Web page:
Nearly two years ago, Ford Motor Company announced that it would invest $11 billion by 2022 in vehicle electrification, diverting money away from sedans and internal combustion engine development in favor of capital investment in trucks as well as electric and hybrid vehicles.
Shortly after that, Ford also said it would stop building all passenger cars for the North American market, cutting the Fusion, Focus and Fiesta while leaving only the Mustang in production and allowing the company to focus instead on SUVs and crossover vehicles.
Ford’s strategy to eschew major segments in the vehicle market is a risky one, and time will tell whether it will prove to be the right strategic move. Nevertheless, on Sunday evening in Los Angeles, the world saw the first glimpse of the fruits of Ford’s EV investment strategy, and it appears the automaker is putting their best foot forward.
In a glitzy reveal, recruiting the star power of Idris Elba on stage with Bill Ford, Jr. and live streaming on Twitter, Ford took the covers off the Mach-E electric SUV—a model the company appears sufficiently confident is worthy to wear the fabled Mustang badge.
Unlike Ford’s first foray into pure-play electric vehicles (EVs), the Focus electric - a rather staid hatchback with limited range - the blue oval appears to be going big with the Mach-E.
Ford says we can expect around a 300-mile range for the rear wheel drive version of the Mach-E, and for the performance GT version, 60 mph will arrive impressively quickly in the mid-three second range. That’s muscle car performance justifying its “pony car” credentials, except of course doing it all silently!
With this new vehicle, Ford has undoubtedly positioned itself to squarely take on Tesla’s forthcoming crossover, the Model Y and the two vehicles will likely hit the market at a similar time in late 2020. Ford’s performance figures for the Mach-E in terms of range and acceleration are certainly in Tesla territory and pricing starting in the mid-$40K range are likely to be competitive with the Tesla Model Y. Early adopters, however, won’t be getting the base model, and according to Ford’s website, early edition models of the Mach-E will set you back $59,900 (though the U.S. federal electric vehicle tax credit of $7,500 will be available).
It has to be said, Ford has not been at all shy to borrow from Tesla in terms of design cues while aligning the Mach-E to provide comparable features. Taking a look at the dashboard, for example, like all Teslas, the Mach-E comes with a giant center screen which controls pretty much everything from entertainment to climate control. Also, as with Tesla’s front luggage compartment which they call the “frunk,” Ford too, serves up a front luggage compartment where the engine would be in a conventional vehicle.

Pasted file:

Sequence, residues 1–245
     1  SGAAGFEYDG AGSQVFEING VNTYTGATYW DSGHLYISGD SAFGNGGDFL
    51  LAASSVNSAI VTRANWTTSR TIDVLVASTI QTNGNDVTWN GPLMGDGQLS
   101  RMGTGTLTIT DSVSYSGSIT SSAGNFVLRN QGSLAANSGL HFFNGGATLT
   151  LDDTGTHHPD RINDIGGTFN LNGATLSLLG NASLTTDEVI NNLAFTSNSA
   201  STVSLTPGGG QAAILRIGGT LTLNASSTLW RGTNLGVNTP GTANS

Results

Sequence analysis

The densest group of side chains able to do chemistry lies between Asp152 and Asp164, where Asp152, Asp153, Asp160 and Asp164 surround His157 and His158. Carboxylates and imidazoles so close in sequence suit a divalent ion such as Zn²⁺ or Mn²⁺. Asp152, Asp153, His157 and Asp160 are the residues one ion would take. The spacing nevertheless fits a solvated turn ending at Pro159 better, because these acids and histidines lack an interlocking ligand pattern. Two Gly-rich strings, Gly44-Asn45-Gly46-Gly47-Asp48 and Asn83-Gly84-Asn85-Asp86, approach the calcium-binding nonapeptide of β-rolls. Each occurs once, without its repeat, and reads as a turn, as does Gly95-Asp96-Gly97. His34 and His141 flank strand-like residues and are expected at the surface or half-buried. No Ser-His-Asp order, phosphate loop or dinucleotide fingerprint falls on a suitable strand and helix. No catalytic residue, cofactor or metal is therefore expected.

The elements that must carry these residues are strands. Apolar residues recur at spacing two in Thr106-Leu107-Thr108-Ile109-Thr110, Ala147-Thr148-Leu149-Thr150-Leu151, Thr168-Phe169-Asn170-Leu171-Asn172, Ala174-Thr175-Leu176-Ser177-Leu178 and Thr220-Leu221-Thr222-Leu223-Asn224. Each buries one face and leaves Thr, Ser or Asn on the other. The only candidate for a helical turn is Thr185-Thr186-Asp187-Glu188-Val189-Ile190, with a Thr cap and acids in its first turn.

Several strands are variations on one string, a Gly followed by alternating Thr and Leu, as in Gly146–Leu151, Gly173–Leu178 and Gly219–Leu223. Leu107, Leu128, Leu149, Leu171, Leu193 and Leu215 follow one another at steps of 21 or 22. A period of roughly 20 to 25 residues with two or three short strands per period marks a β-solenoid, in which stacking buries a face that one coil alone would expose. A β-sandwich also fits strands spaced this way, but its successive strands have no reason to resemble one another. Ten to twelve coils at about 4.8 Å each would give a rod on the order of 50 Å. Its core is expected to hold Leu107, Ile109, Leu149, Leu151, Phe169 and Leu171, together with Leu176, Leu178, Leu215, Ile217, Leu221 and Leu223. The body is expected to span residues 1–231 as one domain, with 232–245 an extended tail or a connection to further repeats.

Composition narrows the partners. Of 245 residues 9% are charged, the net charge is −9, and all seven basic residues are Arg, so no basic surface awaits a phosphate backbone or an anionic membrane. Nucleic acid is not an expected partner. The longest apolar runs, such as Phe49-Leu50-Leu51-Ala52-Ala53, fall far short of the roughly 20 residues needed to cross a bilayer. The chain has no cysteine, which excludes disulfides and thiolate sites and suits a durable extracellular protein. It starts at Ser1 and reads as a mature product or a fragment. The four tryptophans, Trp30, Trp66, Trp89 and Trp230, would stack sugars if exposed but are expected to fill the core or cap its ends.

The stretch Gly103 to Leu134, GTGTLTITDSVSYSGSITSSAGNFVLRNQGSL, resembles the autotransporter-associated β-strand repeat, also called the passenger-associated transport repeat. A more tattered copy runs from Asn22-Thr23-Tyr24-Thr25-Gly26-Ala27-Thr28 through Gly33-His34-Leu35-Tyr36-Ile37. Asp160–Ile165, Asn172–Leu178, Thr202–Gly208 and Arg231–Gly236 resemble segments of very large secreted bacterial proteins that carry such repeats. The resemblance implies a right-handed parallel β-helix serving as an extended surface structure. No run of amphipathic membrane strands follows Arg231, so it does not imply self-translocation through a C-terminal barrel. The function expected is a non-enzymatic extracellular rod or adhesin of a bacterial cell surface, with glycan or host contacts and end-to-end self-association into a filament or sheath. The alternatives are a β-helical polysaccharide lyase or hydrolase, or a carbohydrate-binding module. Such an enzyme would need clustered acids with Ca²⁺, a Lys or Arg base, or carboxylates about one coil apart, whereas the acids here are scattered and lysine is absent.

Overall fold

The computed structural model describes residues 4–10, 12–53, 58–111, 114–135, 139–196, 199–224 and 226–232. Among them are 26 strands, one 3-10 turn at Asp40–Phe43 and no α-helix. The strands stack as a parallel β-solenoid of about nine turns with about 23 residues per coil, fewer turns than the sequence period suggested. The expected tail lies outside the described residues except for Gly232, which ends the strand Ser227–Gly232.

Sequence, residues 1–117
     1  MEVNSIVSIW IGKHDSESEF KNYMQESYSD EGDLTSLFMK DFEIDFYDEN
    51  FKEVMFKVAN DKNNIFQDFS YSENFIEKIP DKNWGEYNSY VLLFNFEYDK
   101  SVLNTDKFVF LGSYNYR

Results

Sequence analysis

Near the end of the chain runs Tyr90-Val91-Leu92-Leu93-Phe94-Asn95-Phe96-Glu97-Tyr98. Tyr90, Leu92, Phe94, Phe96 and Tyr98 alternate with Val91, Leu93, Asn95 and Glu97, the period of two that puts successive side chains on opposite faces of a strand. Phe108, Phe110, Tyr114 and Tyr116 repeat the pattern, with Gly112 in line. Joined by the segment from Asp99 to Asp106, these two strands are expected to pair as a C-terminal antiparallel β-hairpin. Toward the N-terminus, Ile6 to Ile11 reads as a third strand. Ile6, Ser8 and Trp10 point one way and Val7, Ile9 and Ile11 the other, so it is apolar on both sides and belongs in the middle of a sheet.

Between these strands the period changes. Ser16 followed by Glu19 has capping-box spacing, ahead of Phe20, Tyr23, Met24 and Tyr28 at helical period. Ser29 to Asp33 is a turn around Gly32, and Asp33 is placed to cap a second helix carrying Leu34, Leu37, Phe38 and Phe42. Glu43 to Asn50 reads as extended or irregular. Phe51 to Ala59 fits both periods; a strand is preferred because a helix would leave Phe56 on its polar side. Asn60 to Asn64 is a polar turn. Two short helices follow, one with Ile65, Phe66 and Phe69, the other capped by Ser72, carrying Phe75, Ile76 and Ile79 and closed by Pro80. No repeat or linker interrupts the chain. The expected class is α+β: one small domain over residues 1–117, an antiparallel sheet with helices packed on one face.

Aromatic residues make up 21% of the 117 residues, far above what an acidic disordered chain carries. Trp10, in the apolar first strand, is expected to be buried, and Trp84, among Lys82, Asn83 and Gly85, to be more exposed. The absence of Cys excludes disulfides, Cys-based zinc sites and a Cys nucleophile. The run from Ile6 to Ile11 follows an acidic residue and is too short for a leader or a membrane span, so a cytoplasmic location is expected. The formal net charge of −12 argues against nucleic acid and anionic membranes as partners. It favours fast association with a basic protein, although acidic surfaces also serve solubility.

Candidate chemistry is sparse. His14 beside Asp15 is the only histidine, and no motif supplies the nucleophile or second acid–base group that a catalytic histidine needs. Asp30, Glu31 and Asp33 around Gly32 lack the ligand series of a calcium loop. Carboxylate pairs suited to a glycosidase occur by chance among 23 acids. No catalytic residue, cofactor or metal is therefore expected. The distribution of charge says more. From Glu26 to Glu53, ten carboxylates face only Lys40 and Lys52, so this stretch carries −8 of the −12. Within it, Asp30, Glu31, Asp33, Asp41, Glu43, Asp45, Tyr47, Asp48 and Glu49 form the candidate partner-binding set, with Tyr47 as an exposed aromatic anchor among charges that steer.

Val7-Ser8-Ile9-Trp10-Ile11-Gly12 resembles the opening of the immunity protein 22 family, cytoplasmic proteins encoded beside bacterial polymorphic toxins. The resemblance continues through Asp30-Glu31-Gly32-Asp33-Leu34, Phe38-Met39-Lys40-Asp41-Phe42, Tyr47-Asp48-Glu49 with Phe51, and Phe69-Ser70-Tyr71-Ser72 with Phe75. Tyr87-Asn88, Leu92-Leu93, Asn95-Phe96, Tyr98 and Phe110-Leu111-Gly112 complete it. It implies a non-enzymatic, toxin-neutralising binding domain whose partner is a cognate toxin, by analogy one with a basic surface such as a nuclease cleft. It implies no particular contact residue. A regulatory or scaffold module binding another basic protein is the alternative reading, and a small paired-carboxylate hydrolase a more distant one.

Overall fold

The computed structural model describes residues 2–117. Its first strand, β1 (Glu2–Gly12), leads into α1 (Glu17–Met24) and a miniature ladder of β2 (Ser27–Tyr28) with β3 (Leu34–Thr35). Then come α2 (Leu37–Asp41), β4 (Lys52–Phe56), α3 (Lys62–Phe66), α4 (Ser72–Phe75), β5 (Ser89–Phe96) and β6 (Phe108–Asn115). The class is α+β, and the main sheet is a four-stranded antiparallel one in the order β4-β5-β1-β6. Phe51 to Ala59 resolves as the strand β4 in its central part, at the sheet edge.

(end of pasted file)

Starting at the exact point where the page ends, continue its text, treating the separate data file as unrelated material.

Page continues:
Ford also promises wireless vehicle software updates a la Tesla, and hands-free steering capabilities through Ford’s Co-Pilot360 system, which is akin to Tesla’s autopilot. All of which begs the question that were it not for Tesla, would all of these attributes have emerged on their own from Detroit? Maybe not, but while Tesla has set the industry standard for premium EVs, Ford appears to have stepped up in providing what buyers in this segment have come to expect.
Ford adds its own flavor, too; however, the Mach-E unmistakably draws upon design cues from the company’s own Mustang heritage. Despite coming in an SUV package, its lineage is revealed in design touches from the vertical array of the rear lights to the Mustang logo on the faux front grille. During the reveal, Bill Ford, Jr. also asserted the vehicle had to drive and handle like a performance vehicle to be worthy of wearing the Mustang badge; video footage suggests that’s been achieved, but time will tell whether it’s a car that will excite drivers when they have a chance to test it.
Performance aside, the Mach-E, of course, has to be a practical vehicle in the real world. Range anxiety is increasingly a thing of the past as the next generation of EVs like the Mach-E get up to 300 miles range. But for those longer road trips, an accessible charging network remains hugely important. Unlike Tesla, which built its own Supercharger network, Ford has instead partnered with 3rd party charging networks and through Ford’s cloud-connected FordPass system, the company says drivers will have access to 12,000 - and growing - charging locations throughout the United States. For drivers in a hurry, when connected to a DC fast charger, the Mach-E will get a range boost of 47 miles in 10 minutes, and when you’re at home, Ford says it will provide a home charging system for free.
Not all purists will appreciate the iconic Mustang brand being incarnated as an electric-powered SUV, but to be wedded to the past is to run the risk of becoming irrelevant. The Mach-E is a bold step forward in terms of Ford’s EV offering, and with a promised roll-out of 40 electrified Ford vehicles to come, it seems the company is kicking off proceedings confidently.
Image credit: Ford Motor Co.
Phil Covington holds an MBA in Sustainable Management from Presidio Graduate School. In the past, he spent 16 years in the freight transportation and logistics industry. Today, Phil's writing focuses on transportation, forestry, technology and matters of sustainability in business.